O Love That Wilt Not Let Me Go


” . . . with everlasting kindness will I have mercy on thee, saith the Lord thy Redeemer” (Isaiah 54:8b).

O Love that wilt not let me go,

I rest my weary soul in thee;

I give thee back the life I owe,

That in thine ocean depths its flow

May richer, fuller be.

From O Love That Wilt Not Let Me Go by George Matheson, 1882.

My Hope is in the Lord


I heard recently that someone took these thoughts from a sermon: We are worthless, filthy, vile sinners and we are “nothing.”  If we were to cleave only to those ideas, Christ’s death was in vain, and we would be essentially non-effective in sharing the hope of salvation with the unsaved world.

Elizabeth Elliot begins her daily broadcast with these words, “You are loved with an everlasting love.  That’s what the Bible says.”  We have to realize what our condition outside of Christ is and know the we can have new life in Him at the point of salvation.  That in no way indicates that we have now elevated ourselves to be “something.”  It simply means that we recognize that we have value BECAUSE of Christ’s redemption.

                                My hope is in the Lord, who gave himself for me,

                                And paid the price of all my sin at Calvary.

                                For me, he died, for me, he lives,

                                And everlasting life and light he freely gives.

                                No merit of my own his anger to suppress,

                                My only hope is found in Jesus’ righteousness!

Romans 5:19 says, “For as by one man’s disobedience many were made sinners, so by the obedience of one shall many be made righteous.”  My righteousness is as filthy rags, but His is perfect and complete. We can live victoriously knowing that God allowed us to inherit the righteousness of Christ.  Let’s be obedient to Him and share to hope of salvation with others.








Created Unique to Fit Together


I will praise thee; for I am fearfully and wonderfully made: marvellous are thy works; and that my soul knoweth right well. – Psalm 139:14


Are you unique?  It’s no secret that you are.  Just as everyone else!  David even understood that and praised God for doing so.  He used some interesting terms to portray his thoughts.  The main Hebrew term seems to carry a sense of distinctiveness or uniqueness.  So, David understood that he was made distinct from others in his structure, and it was because God made him that way; he knew it in his very soul!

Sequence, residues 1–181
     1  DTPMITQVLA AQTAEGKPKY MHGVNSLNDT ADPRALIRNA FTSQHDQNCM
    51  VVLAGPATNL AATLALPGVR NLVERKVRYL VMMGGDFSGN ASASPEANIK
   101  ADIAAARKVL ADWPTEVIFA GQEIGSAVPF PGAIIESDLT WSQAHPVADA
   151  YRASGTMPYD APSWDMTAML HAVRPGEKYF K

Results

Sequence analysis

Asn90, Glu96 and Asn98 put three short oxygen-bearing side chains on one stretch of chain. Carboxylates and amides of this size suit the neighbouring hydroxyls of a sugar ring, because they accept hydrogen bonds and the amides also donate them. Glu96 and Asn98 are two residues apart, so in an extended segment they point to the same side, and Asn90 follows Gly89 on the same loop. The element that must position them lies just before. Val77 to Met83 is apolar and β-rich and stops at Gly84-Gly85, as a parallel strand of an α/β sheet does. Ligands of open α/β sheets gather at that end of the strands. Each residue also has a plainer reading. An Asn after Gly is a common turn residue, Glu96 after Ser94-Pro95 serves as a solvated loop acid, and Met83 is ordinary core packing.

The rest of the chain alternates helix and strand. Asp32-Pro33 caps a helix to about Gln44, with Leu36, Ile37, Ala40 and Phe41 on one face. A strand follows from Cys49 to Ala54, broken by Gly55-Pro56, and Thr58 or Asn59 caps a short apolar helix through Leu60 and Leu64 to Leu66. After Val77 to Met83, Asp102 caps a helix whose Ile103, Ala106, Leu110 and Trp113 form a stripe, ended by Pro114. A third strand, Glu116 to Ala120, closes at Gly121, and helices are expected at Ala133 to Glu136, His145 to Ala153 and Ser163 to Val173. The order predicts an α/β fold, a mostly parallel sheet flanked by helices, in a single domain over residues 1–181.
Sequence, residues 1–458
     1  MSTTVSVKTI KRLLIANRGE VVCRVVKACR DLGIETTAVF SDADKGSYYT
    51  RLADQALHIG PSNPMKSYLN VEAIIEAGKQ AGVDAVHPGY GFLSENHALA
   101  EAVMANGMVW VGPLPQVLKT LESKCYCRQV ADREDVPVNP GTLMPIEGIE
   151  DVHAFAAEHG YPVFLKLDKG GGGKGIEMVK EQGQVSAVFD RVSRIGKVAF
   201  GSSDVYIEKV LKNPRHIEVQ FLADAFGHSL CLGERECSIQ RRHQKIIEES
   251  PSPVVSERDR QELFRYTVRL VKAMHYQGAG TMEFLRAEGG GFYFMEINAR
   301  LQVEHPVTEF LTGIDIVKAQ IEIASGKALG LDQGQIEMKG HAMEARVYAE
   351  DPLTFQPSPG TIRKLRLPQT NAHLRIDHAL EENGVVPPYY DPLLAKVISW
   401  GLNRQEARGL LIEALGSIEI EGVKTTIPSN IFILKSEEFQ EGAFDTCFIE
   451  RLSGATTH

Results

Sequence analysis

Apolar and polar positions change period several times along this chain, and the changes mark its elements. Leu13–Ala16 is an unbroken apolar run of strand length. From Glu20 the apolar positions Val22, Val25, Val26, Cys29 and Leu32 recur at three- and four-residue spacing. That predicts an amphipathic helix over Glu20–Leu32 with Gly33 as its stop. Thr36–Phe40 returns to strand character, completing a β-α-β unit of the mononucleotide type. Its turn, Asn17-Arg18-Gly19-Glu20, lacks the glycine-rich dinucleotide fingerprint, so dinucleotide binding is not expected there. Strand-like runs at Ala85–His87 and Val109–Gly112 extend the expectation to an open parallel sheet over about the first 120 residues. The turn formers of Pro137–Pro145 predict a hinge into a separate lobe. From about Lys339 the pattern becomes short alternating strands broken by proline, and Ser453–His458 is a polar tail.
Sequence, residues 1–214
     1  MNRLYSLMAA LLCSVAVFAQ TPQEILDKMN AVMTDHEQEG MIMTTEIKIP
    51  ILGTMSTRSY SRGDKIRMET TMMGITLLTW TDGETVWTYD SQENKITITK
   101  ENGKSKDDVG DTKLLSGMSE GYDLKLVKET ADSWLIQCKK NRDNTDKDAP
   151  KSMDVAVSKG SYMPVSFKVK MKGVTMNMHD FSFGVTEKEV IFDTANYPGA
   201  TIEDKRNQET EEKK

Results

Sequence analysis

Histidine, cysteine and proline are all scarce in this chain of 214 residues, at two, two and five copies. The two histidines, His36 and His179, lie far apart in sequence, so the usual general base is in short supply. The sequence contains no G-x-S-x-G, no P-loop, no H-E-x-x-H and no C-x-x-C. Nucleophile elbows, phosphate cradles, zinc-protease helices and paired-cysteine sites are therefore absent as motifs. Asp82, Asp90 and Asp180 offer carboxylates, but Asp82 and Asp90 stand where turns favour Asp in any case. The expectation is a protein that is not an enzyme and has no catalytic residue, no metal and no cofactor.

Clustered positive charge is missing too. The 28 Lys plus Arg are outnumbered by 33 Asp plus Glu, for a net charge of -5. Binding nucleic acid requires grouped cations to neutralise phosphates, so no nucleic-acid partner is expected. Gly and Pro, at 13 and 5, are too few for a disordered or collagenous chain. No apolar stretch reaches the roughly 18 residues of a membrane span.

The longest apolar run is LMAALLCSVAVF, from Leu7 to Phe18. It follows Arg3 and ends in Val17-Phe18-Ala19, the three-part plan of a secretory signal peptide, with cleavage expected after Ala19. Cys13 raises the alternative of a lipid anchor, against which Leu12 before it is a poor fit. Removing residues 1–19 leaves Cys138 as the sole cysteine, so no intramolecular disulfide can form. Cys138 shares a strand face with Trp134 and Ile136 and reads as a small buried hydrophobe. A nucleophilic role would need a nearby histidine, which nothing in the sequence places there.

Flipping the pages, or swiping your finger across the screen for some of us, to the New Testament book of Ephesians, written by the apostle Paul, we see that same idea come through in this letter to the believers in Ephesus: we are unique.  To begin the 4th chapter, Paul hints at uniqueness as he urges “walk worthy of the vocation wherewith ye are called.”  However, he does not stop there.

Though we are created different and have different purposes, we are still “to keep the unity of the Spirit in the bond of peace.”  Paul further explains that there is to be unity between believers when he stated, “There is one body, and one Spirit, even as ye are called in one hope of your calling; one Lord, one faith, one baptism, one God and Father of all, who is above all, and through all, and in you all.”

Through the following paragraph in Ephesians 4, Paul further explains that each of us “is given grace according to the measure of the gift of Christ” and that God “gave gifts unto men.”  He gave apostles, prophets, evangelists, and pastor teachers for the purpose of “perfecting the saints, for the work of the ministry, for the edifying of the body of Christ; till we all come in the unity of the faith…”  Again, he reminds us of unity.

We are created unique, but told to be unified.  How?  Verse 16 sums it up nicely.  “From whom the whole body fitly joined together and compacted by that which every joint supplieth, according to the effectual working in the measure of every part, maketh increase of the body unto the edifying of itself in love.”  Using our physical bodies as the image, each part is unique and has a specific purpose and function.  Each by themselves is of little or no use; however, “fitly joined together” and each functioning properly, the body operates smoothly.

Each of us, believers, specifically for this purpose, is unique, no doubt about that; but we each must function in unity with each other to carry out the purpose for which God joined us together: to worship Him and tell others about Him.  We are created unique so that we can fit together not so that we stand out on our own.  To God be the glory!



If I am not impressed with the teachings of Buddha, I am perfectly free to reject them.  After all, who was Buddha?  Buddha was a mere mortal who went about, like everybody else, trying to figure out what was what.  If his philosophy does not persuade me – and it doesn’t – I may look elsewhere.

It is different with Jesus Christ.  Jesus Christ did more than discuss prophecy – He fulfilled it! (see Jn. 1:45).  Jesus Christ did more than discourse about life after death – He rose from the dead! (see Acts 4:33).  Jesus Christ did more than develop a social theory – He turned the world upside down! (see Matt. 28:18-20) and my life inside out! (see II Cor. 5:16-17).

Sooner or later, you must come to terms with Jesus Christ.